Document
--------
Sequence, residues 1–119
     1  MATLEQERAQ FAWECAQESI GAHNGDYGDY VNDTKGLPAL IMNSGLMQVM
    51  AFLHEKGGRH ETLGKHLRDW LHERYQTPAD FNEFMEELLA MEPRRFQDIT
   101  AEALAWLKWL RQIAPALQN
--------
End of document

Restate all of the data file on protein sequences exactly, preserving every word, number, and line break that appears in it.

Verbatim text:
Sequence, residues 1–119
     1  MATLEQERAQ FAWECAQESI GAHNGDYGDY VNDTKGLPAL IMNSGLMQVM
    51  AFLHEKGGRH ETLGKHLRDW LHERYQTPAD FNEFMEELLA MEPRRFQDIT
   101  AEALAWLKWL RQIAPALQN